The Cyber Security Challenge UK (CSC UK), a series of national events designed to encourage talented professionals to join the UK IT security industry, is a government- and industry-backed initiative that has enabled 40 participants to secure IT security roles.

Computing had questioned whether the programme was having an impact, given that its latest winner, chemist Stephen Miller, had no desire to switch from his role at GlaxoSmithKline (GSK) to a cyber security position.
But Chris Doman, a 27-year-old former software developer from Essex, believes that the challenge is a success.
Doman triumphed over 1,200 cyber teams from 53 countries on his own to finish second in a US military cyber security competition, designed and hosted by the US Department of Defense Cyber Crime Centre (DC3) and run by the CSC UK – he missed out only to a team of professionals from aerospace and defence technology firm Northrop Grumman.Doman is now a senior associate in PwC’s cyber threat detection response team, and he told Computing how the Cyber Security Challenge helped him to get to where he is now, and offered advice to those looking to sign up to the next challenge.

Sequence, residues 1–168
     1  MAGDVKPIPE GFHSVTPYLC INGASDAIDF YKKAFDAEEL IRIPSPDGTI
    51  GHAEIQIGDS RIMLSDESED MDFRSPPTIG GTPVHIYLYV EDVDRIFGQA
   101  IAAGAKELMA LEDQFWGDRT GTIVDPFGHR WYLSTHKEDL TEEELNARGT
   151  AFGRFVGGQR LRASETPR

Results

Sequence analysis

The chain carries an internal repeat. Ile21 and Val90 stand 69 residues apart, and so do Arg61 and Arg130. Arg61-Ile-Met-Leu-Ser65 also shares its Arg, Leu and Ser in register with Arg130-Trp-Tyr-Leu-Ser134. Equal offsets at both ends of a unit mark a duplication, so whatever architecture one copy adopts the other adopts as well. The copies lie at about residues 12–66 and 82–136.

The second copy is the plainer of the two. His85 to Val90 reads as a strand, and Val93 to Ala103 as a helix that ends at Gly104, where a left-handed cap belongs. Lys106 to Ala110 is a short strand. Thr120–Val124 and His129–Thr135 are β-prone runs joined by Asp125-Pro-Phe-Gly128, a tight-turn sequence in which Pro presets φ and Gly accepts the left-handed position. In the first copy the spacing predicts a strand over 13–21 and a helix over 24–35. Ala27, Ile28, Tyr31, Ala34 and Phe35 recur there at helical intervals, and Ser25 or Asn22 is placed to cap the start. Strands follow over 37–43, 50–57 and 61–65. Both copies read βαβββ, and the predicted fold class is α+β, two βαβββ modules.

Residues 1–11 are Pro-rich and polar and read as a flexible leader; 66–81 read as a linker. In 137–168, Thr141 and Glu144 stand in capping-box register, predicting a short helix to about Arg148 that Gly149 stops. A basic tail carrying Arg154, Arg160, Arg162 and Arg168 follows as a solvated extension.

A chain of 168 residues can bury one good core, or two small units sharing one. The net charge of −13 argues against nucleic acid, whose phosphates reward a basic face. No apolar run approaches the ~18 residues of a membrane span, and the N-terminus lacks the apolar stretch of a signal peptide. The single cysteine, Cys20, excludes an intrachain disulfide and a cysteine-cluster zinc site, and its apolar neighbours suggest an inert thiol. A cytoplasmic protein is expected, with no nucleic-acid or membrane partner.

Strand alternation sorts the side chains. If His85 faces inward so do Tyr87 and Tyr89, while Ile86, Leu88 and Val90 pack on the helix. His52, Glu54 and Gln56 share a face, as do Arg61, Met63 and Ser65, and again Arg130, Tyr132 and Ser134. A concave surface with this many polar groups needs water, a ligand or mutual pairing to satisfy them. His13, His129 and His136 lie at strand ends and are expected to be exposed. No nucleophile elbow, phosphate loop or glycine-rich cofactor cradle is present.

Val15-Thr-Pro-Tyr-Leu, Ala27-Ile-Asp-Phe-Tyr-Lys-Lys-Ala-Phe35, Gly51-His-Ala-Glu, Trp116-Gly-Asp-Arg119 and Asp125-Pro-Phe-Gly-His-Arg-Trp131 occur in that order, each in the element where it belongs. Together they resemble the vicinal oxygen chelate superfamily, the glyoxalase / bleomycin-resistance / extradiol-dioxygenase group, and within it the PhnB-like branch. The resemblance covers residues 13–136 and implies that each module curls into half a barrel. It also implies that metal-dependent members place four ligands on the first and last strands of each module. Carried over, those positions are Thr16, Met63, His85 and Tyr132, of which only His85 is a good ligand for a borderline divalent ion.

Q. What is your background, and why did you apply to participate in the Cyber Security Challenge?
Doman: I started programming at school, and got into the security side of things. I used to look online at competitions and entered some, and set up some of my own as well.
I went to university and did computer science at Cambridge, and after that I worked as a web developer, and started my own company [Ignite Research] with a friend in 2009. It was a big data company, in which we had to crawl the web and find data on hotels and set up sites based on that.
Although the big data side of things was interesting, the actual application of it wasn’t. So I saw the Cyber Security Challenge – which I remembered seeing a few years before – and signed up to it as I had an interest in the cyber security field.
Q. So was it the challenge that got you the role that you’re in today?
Doman: Yes, definitely. I wasn’t really applying to places because I wanted to see what I could do, and after I did well in the forensic competition then [companies] started talking to me. It was great to demonstrate what I could do, it’s quite hard to demonstrate [those skills] without something like the challenge around.
Q. Do you believe there is a cyber security skills gap?
Doman: Yes. We’re recruiting ourselves and we’re asking around if anyone knows people with the required skill set. [Cyber security] is growing very fast, things have changed, more companies are being attacked and there’s a lot more money involved, so there is definitely a skills shortage in keeping up with that.

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